expert opinion

Vitamin research — Preparing for the Future

January 1, 2013


Jeffrey B. Blumberg, PhD, Friedman School of Nutrition Science and Policy, Tufts University, Boston, USA

“During the last decade, approaches to evidence-based medicine, with its heavy reliance on the randomized controlled trial (RCT), have been adapted to nutrition science and policy (1). However, there are distinct differences between the evidence that can be obtained for the testing of drugs using RCTs and that needed for the development of nutrient requirements or dietary guidelines: 1) medical interventions are designed to cure a disease not produced by their absence, while nutrients prevent dysfunction that would result from their inadequate intake; 2) drug effects are generally intended to be large and with limited scope of action, while nutrient effects are typically broad in scope and comparably small in effect size; 3) drug effects can be tested against a non-exposed (placebo) control group, whereas it is impossible and/or unethical to attempt to use a zero-intake group for nutrient trials; and 4) therapeutic drugs are intended to be efficacious within a relatively short term while the impact of nutrients on the reduction of risk of chronic disease may require decades to demonstrate.

Not surprisingly, RCTs investigating the effects of micronutrient supplementation on the prevention of multi-factorial chronic diseases have most often failed to show significant benefits. However, there is strong epidemiological evidence linking increased micronutrient intake (via food and/or supplements) to reduced risks of a range of diseases. Such RCTs (and their meta-analyses) are therefore often flawed, not so much in their conduct but in their design (2). For example, the control group’s intake of the nutrient under study may not be low enough, or the participants in the treatment group may already have a sufficient intake of the nutrient at the beginning of the study (therefore removing the need for supplementation). It is also impos-sible to let the nutrient under study manifest its own proper effect if the treatment group does not already have an adequate intake of other essential nutrients. For all these reasons, it would be useful to find some alternatives to RCTs that better reflect people’s dietary patterns and the unique features of nutrients as well as recognizing the need to deal with uncertainty arising from situations where we are unable to obtain evidence from RCTs. We cannot be as confident in nutrient recommendations as we can in those for drugs (and nutrients with a high benefit-risk ratio may require less certainty of efficacy). Unlike for drugs, where irrefutable proof of efficacy should always be demanded, decisions about nutrient recommendations should instead be based on whether the observational evidence links insufficient (or excessive) intake to probable harm.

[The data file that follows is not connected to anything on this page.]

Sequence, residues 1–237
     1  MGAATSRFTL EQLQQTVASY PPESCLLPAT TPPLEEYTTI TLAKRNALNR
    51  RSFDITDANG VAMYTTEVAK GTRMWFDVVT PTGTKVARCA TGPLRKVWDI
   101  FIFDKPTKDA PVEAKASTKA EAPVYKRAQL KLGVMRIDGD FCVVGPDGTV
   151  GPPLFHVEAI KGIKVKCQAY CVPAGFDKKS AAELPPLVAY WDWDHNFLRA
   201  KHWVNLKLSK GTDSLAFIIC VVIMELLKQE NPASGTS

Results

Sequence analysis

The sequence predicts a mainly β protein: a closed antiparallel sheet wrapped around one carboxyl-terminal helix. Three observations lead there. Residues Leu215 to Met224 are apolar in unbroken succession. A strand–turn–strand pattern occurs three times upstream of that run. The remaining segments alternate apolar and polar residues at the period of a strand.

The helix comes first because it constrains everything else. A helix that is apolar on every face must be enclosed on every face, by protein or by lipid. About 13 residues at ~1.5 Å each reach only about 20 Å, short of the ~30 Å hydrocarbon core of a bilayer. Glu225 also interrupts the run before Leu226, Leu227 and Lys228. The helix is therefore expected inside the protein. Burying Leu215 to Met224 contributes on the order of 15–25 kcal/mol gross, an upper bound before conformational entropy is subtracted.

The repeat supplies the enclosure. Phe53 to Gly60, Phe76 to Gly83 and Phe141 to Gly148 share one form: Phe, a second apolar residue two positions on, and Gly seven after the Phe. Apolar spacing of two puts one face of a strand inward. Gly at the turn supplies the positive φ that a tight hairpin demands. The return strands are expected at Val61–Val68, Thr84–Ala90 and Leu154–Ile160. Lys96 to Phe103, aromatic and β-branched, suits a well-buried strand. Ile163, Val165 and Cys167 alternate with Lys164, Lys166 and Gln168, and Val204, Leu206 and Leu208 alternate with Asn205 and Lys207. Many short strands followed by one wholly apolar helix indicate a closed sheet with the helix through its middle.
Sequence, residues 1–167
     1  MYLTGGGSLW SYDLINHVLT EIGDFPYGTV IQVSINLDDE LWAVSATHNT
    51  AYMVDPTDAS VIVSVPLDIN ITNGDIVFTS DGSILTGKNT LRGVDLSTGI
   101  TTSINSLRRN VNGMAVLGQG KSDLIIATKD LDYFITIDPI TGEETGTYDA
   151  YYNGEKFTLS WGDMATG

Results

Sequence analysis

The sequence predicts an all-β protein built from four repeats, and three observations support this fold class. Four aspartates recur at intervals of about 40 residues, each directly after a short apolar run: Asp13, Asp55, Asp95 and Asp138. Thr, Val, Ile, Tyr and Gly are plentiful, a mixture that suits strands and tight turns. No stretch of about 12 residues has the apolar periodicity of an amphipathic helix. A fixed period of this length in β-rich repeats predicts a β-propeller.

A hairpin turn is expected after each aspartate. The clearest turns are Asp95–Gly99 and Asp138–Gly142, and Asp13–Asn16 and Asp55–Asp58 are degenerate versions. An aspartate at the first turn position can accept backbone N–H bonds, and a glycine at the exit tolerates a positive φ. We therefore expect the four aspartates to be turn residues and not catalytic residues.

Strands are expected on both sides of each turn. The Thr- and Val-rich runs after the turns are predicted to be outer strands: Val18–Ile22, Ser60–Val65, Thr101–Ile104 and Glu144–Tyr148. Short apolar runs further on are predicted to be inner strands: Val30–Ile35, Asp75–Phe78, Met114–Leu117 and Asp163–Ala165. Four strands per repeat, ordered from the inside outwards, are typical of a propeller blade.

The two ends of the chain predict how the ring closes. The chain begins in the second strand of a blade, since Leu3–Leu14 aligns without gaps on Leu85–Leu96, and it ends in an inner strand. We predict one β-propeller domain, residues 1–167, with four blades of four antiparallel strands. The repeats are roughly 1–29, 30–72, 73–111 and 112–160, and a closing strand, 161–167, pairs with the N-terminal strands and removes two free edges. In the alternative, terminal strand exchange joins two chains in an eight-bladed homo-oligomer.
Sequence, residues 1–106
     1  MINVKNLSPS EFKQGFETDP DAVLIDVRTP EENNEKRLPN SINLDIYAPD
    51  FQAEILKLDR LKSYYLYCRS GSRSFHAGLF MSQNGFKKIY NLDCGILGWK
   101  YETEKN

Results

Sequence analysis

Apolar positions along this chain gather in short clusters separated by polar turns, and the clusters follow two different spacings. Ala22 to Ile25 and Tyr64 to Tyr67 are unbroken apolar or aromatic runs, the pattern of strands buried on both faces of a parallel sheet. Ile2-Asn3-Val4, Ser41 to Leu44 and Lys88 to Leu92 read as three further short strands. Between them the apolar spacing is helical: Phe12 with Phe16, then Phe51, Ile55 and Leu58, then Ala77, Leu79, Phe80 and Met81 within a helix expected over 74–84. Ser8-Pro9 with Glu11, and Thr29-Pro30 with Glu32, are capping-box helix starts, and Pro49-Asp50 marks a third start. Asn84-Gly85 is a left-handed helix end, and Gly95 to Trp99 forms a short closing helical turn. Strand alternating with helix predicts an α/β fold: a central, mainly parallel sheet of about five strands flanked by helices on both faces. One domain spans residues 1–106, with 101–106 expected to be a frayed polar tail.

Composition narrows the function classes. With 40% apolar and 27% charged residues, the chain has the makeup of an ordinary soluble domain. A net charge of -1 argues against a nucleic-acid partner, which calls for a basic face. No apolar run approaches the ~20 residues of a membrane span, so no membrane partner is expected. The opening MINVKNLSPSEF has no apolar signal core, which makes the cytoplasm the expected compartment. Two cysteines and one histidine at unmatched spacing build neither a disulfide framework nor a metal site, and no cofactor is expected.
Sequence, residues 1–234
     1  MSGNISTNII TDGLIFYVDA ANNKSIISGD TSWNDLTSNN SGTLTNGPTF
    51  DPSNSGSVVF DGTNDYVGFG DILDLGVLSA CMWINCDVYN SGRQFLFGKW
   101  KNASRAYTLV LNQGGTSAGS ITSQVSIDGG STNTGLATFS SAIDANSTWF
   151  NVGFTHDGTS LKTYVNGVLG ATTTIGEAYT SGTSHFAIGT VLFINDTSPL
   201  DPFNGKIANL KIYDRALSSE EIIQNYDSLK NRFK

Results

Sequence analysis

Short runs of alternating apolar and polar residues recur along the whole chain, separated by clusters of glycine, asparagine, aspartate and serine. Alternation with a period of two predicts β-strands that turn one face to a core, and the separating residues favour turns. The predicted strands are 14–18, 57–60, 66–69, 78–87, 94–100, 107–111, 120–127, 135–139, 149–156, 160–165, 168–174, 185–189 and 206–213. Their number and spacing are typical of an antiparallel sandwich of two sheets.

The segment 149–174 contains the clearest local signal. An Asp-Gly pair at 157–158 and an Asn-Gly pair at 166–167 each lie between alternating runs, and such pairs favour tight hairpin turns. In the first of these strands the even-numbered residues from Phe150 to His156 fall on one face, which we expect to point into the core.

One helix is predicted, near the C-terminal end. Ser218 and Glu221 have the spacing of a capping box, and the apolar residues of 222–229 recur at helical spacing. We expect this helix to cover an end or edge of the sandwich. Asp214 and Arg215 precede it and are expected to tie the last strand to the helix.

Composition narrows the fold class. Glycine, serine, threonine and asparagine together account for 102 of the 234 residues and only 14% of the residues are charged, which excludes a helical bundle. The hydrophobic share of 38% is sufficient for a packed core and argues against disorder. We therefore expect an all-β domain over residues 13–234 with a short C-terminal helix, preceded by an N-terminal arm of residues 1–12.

The insights gained from the last 100 years of vitamin research and its applications have contributed sub-stantially to our fundamental understanding of biology and, more importantly, to the promotion of human health. There is no reason to believe that the next 100 years will be any less fruitful if we are committed to preparing for them, particularly by changing four critical nutrition paradigms:

  • First, we must move beyond the concept of preventing vitamin deficiencies and inadequacies. We must instead focus on establishing health and achieving optimal physiological function. Each essential vitamin possesses different concentration thresholds for its variety of effects, and the required balance needed to achieve each has yet to be fully defined;
  • Second, we must apply the approaches and methods of “-omics” (e.g., metabolomics and proteomics) and systems biology research in order to define the dynamic role of vitamins and their broad array of genomic, molecular, and biochemical interactions. Such work is necessary to understand the multiplicity of vitamin actions and to ultimately apply them directly at the level of the individual;
  • Third, we must revise the concept of evidence-based nutrition, moving away from its current hierarchical system to recognizing in a comprehensive and integrated way the contributions of each type of approach to research. To adhere to the single gold standard of the randomized controlled trial ignores both how we have moved forward so productively over the last 100 years and the vital information that can be obtained from basic research and other human studies; further, it acts to stifle innovation in both scientific and regulatory affairs;
  • Fourth, we must understand that changes in the supply and distribution of food during the next century are likely to be at least as dramatic as those that have occurred during this one. For example, inevitable environmental constraints will require that more food protein is derived from plant rather than animal sources, a shift that will directly impact dietary sources of vitamins.

In order to meet the challenge of achieving global health by 2112 among a population of 9 billion people, we must come up with new and creative ways in which those in academia, industry, and governmental and non-governmental organizations can work together to effectively manage these four changes.”

Based on: Blumberg J. Vitamins – Preparing for the Future. Symposium ‘100 years of vitamins – Past, present, future: Micronutrients – Macro impact’. November 2012. Basel, Switzerland.


  1. Blumberg J. et al. Evidence-based criteria in the nutritional context. Nutrition Reviews. 2010; 68(8): 478-484.
  2. Heaney R. P. et al. EBN ( Evidence-Based Nutrition) Ver. 2.0. Nutrition Today. 2011; 46(1):22-26.